There are two general ways to experience music, especially Christian music. First, you can sit in a chair, maybe stand, and listen peacefully to a message; this can be seen during LCA’s regular chapels. Chapel band leads the community in worship, and the community experiences the music personally in their chairs. However, the way teenagers view experiencing the music of popular artists is aimed towards a pseudo-mosh pit. At concerts, most people stand the entire time, or they run up to the stage, which is what most of the LCA teenage community has experienced. When Oakboy performed, the student body had a decision to make: sit in their chairs or flood the stage.

There are pros and cons to both decisions. The students recognized that, if they all stayed seated listening to every lyric, Oakboy would have felt very uncomfortable. Sitting in a chair reads as apathy, and most of us know from personal experience that even one person engaging visually in what you say can be a very helpful boost to a performance. However, a pro to this choice would have been understanding what Oakboy was saying. From student accounts, those near the stage barely understood his rap sections, and only followed along when Oakboy prompted them to a call-and-response song. They tried to make him feel comfortable, but they did not really get much meaning out of his songs.

And sadly, there are pros and cons to what actually transpired. Oakboy was welcomed enthusiastically onto the stage, and lots of students were very ready to encourage from the orchestra pit. But a con to this decision appears in the form of Oakboy fans.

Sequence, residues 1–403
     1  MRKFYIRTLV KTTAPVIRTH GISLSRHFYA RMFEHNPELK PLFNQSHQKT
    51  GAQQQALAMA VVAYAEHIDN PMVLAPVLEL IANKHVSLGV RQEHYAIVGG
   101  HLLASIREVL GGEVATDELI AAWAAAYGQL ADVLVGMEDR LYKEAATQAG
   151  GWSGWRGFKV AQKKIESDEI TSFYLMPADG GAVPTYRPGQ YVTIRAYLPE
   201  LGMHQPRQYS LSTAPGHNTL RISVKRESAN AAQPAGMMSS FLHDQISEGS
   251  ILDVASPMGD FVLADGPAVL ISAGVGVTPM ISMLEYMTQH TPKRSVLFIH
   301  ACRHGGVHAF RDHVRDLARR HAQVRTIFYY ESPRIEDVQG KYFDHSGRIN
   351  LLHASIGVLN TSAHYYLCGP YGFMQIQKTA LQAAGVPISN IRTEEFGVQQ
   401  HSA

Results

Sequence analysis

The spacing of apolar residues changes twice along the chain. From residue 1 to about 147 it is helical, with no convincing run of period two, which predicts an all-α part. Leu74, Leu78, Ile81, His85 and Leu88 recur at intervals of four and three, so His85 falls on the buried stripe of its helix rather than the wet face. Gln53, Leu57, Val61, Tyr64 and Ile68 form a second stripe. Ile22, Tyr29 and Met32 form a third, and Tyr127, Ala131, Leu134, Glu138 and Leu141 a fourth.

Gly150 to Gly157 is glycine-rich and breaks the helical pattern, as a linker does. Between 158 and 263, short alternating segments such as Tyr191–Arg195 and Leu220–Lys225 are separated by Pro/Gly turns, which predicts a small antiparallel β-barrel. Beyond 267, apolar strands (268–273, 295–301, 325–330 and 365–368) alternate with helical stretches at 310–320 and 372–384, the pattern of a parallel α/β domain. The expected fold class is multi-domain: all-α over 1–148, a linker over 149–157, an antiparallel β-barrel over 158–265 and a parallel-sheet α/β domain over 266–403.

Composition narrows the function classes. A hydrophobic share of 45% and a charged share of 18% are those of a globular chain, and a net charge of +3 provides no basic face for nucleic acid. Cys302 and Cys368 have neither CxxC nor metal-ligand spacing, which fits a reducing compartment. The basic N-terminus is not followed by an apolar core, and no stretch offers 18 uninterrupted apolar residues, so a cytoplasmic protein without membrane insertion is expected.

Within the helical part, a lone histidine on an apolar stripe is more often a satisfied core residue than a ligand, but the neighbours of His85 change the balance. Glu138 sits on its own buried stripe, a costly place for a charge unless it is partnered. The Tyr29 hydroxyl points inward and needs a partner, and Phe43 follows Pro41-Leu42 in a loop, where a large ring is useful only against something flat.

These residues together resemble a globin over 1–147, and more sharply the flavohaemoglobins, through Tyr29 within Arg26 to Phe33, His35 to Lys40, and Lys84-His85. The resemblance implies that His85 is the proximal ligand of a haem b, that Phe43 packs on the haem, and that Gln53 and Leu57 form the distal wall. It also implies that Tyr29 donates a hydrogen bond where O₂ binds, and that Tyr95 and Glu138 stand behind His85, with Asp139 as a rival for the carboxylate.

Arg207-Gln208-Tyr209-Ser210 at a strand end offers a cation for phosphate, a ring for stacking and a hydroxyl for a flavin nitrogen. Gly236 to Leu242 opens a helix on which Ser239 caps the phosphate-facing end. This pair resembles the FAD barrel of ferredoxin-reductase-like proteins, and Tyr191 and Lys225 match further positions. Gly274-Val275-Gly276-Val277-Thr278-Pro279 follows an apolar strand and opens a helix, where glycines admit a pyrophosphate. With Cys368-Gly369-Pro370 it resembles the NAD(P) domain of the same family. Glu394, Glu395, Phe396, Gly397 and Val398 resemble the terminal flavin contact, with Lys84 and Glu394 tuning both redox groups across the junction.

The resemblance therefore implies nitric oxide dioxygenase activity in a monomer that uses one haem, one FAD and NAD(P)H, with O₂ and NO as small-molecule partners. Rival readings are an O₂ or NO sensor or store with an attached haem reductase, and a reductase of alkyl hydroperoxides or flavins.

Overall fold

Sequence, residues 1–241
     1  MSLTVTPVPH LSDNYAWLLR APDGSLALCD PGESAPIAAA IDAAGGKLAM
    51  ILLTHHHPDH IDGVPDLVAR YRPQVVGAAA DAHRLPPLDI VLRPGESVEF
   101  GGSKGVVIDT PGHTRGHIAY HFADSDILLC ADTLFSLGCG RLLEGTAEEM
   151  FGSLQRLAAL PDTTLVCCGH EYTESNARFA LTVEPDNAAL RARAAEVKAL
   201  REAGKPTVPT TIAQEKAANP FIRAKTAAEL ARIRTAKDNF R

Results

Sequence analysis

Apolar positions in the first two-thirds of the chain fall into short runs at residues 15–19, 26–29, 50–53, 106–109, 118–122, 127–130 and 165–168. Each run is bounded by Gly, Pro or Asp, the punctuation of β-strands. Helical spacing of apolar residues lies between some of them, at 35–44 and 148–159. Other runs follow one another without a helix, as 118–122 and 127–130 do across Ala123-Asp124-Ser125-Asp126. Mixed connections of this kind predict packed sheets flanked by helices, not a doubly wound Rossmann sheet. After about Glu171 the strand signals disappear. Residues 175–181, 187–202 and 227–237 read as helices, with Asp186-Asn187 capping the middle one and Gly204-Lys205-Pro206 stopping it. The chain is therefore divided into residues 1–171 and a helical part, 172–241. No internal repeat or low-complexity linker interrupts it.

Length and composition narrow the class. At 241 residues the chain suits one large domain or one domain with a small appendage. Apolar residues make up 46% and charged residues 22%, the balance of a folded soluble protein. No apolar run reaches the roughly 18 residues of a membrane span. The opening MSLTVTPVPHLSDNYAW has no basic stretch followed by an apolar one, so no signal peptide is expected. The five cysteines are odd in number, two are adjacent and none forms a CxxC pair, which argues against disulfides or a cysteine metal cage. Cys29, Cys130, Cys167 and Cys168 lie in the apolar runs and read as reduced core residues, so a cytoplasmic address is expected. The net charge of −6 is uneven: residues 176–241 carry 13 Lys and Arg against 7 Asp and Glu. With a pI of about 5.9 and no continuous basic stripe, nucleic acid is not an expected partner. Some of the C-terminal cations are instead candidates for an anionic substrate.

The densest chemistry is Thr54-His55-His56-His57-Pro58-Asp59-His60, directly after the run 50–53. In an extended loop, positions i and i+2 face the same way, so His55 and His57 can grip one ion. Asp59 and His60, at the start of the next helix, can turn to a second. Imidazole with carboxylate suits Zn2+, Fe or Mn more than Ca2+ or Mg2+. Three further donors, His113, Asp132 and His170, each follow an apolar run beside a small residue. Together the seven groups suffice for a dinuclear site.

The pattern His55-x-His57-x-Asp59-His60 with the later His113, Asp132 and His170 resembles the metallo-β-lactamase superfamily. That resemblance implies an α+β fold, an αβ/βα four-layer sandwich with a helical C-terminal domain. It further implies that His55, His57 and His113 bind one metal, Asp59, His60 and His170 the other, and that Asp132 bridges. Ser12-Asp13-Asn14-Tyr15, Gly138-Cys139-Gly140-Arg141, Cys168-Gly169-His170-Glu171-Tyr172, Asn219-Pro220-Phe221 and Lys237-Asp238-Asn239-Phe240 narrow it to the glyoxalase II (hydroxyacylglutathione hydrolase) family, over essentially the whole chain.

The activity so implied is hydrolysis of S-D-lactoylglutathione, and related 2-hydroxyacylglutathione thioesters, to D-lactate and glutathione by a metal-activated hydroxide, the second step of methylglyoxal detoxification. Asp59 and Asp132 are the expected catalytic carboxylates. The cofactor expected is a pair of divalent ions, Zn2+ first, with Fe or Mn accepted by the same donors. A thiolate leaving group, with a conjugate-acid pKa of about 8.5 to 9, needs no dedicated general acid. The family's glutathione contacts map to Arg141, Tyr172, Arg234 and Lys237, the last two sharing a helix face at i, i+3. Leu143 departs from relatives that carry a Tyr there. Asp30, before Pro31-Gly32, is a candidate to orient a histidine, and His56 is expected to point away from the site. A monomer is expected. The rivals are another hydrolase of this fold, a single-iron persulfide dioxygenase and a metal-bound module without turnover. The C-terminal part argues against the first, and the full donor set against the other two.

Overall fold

“At LCA, not a lot of visitors come to speak at chapel, let alone people of color, so it was nice to see someone that looks like you… and shares the same background in a sense. However… some people didn’t want to be there or took it as a joke.” – Angelina Latin

Photo by Shea O’Brien. Pictured: Caleb “Oakboy” Mccoy

For many LCA students, the hype was a bit disingenuous, and it did not reflect the number of students truly excited about Oakboy’s presence. Again, although it is not a problem within itself, you could count on one hand the number of true Oakboy fans in LCA, and they were not the ones cheering loudest. It was uncomfortable to those that knew Oakboy’s music to see the rest of the student body walking dangerously close to disrespectful mockery, but the alternative to have a guest sing to a room of passive teenagers is not a great situation for the school as a whole. The students did the best they could to welcome our guest and not make him feel uncomfortable, but some people ventured close to mocking Oakboy’s performance, which felt disrespectful to students that actually enjoyed his music.

Please, do not let this situation serve as a reflection on Oakboy himself, or the people that organized this event. He is a talented artist, and the goal of the school was to expose students to a new perspective. That goal was accomplished, but the execution of the day placed LCA students in a position where they were unsure of how to respond. Maybe if the concert was in the gym or on the fields, it would have been different. Maybe we should have prepared the students more for Oakboy’s specific music. No matter how the day was perceived by the community, ultimately, many students experienced a new genre of music and a time of fellowship and bonding with their peers.